For Theo Mantalvanos, the memory is still as clear as day, when the grandson of famed Australian artist Sir Arthur Streeton walked into his Queenscliff Gallery & Workshop.
But it was a week later, when he returned with a blanket under his arm, containing etched plates that once belonged to his talented grandfather with the request they be printed and editioned for the family, that Theo and his partner Soula really couldn’t believe their luck.
Though it wasn’t destined to be an easy feat.
“We had a look at the plates that were in quite bad condition as they had been placed quite loosely under a family home and had begun to tarnish and oxidise,” Theo told Neos Kosmos.
“They wanted the family to own an edition of their grandad’s or their great uncle’s prints, but we weren’t really sure what kind of impression we would be able to get from them.”
Entrusted with 13 zinc and copper plates that had been produced in Streeton’s lifetime over a hundred years ago, together Theo and Soula set out to clean them and bring the prints to life.
“The plates were in our possession and we’d take them home and make sure they were safe, because you can get quite scared about having these precious things.
“We didn’t tell anyone, apart from one to two people. But we had this kind of spring in our step, this little secret, both Soula and I, that we couldn’t share but I think we felt it. We walked around and we knew something special.”
Described as a reverse stamp, while zinc and copper plates can last quite a while if stored correctly, bad storage and moisture had affected the family’s plates, leading to calcification and the formation of growths, which showed in the final product.
“We ran some proofs and they were quite romantic looking but they were quite murky. The family were still surprised that they could see some detail from those, and that was fine, they were happy with that,” recalls Theo.
“That’s when they decided, well, they’re not in very good condition so you might as well give it a go to try and clean them.”
It was then that the pair engaged another print maker by the name of Graeme Peebles to assist with the cleaning process.
“The fear was that they could be damaged in that process and that was quite a big responsibility, to have to think that you’re potentially going to destroy something that was produced over a hundred years ago.”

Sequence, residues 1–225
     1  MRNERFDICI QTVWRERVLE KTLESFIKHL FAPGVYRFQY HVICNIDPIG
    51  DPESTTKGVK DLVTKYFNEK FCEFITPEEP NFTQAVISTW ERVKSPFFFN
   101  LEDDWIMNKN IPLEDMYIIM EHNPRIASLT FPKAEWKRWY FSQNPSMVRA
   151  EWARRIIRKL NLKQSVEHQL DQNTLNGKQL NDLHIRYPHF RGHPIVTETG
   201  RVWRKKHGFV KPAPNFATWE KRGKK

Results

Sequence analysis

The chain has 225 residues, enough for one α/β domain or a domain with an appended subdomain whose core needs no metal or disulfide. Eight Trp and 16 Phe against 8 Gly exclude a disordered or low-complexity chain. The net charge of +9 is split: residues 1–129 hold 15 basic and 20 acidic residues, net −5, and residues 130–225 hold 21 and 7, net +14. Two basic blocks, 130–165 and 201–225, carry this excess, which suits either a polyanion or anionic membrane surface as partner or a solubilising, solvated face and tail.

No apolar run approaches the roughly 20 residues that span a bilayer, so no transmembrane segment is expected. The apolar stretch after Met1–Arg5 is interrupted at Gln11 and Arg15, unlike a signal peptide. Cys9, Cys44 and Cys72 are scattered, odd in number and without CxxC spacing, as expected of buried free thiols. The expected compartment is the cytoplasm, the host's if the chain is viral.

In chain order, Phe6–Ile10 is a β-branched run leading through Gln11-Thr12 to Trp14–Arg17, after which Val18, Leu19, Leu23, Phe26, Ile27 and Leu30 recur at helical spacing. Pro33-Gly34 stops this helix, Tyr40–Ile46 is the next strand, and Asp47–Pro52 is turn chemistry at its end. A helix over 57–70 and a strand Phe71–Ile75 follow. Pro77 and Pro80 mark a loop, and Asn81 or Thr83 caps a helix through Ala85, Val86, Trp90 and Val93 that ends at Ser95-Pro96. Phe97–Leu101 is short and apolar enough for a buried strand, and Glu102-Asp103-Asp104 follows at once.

To their relief, however, they were not destroyed. And after what Theo recalls as “a labour of love”, they managed to hand-ink and print the etchings, unveiling significantly beautiful prints from 11 of the 13 plates.
“When they actually saw the result, they were more than surprised, they were ecstatic. We actually saw detail in the work that we couldn’t see in the plate.
“They were so pleased, the next thing they said is, what can we do for you? How can we help you as a gallery? And we said we’d love to have an exhibition to share with the public what we’ve done and how we’ve worked with the family to be part of this momentous time in art history.”
While the etchings were said to have once been printed by Streeton himself, some of which the family have in their possession, they have never before been on display, published, or even editioned.
The prints will be exhibited to the public from March 4 to April 30, along with the plates themselves to show the continuity of the printing process.
While this is a momentous occasion for the family, and for lovers of Streeton’s work, for Theo and Soula it is a true honour.
Just over 12 months into owning Queenscliff Gallery & Workshop, following a move from their beloved studio in Collingwood, they are ever thankful for the experience.
“Only recently did we print the last one, and it was very emotional to think that within our first year of operation, only having printed our own work for the last 10 years in our creative life, we have been bestowed this honour of printing an Australian icon’s prints. The experience was extremely humbling and rewarding,” Theo said.
Despite their good intentions, however, they have faced some opposition from certain members of the art world, one of whom questioned whether the etchings were even finished − a query which was laid to rest by an expert, and further cemented by Streeton’s own signature.
“At the end of the day, we were actually acting on the family’s request. So it wasn’t some layperson that found the plates and said ‘hey Queenscliff Gallery & Workshop how about we run these?’. A family member approached us with a very reasonable request and we thought that was very doable.”
A number of the prints will also be available for purchase, while Theo assures they are being completely transparent and are by no means claiming that the prints were produced in 1910 but posthumously, signed on the back by a Streeton family member.
Meanwhile, Theo and Soula are giving the exhibition another dimension by taking the opportunity to show the kind of legacy that an artist the likes of Streeton leaves behind, by hosting nine resident artists within the gallery during the exhibition, producing work somehow inspired by the artist.
The Streeton Prints exhibition will run at the Queenscliff Gallery & Workshop (81 Hesse St, Queenscliff, VIC) from March 4 – April 30. Opening hours: Daily from 10.00 am-5.00 pm (closed Tuesday). For more information, visit www.qgw.com.au/event/streeton-prints